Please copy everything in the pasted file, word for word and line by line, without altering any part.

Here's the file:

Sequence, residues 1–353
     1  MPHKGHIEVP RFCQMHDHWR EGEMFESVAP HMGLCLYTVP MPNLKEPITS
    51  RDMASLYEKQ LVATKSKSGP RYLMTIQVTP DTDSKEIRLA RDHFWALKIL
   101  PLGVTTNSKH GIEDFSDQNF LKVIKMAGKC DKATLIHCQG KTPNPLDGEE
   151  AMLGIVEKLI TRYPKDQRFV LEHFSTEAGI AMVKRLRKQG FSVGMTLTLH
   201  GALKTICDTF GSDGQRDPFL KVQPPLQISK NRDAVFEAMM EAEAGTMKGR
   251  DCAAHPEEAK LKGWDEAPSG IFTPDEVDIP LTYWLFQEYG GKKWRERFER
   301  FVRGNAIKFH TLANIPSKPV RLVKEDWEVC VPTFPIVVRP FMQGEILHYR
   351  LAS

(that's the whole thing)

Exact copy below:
Sequence, residues 1–353
     1  MPHKGHIEVP RFCQMHDHWR EGEMFESVAP HMGLCLYTVP MPNLKEPITS
    51  RDMASLYEKQ LVATKSKSGP RYLMTIQVTP DTDSKEIRLA RDHFWALKIL
   101  PLGVTTNSKH GIEDFSDQNF LKVIKMAGKC DKATLIHCQG KTPNPLDGEE
   151  AMLGIVEKLI TRYPKDQRFV LEHFSTEAGI AMVKRLRKQG FSVGMTLTLH
   201  GALKTICDTF GSDGQRDPFL KVQPPLQISK NRDAVFEAMM EAEAGTMKGR
   251  DCAAHPEEAK LKGWDEAPSG IFTPDEVDIP LTYWLFQEYG GKKWRERFER
   301  FVRGNAIKFH TLANIPSKPV RLVKEDWEVC VPTFPIVVRP FMQGEILHYR
   351  LAS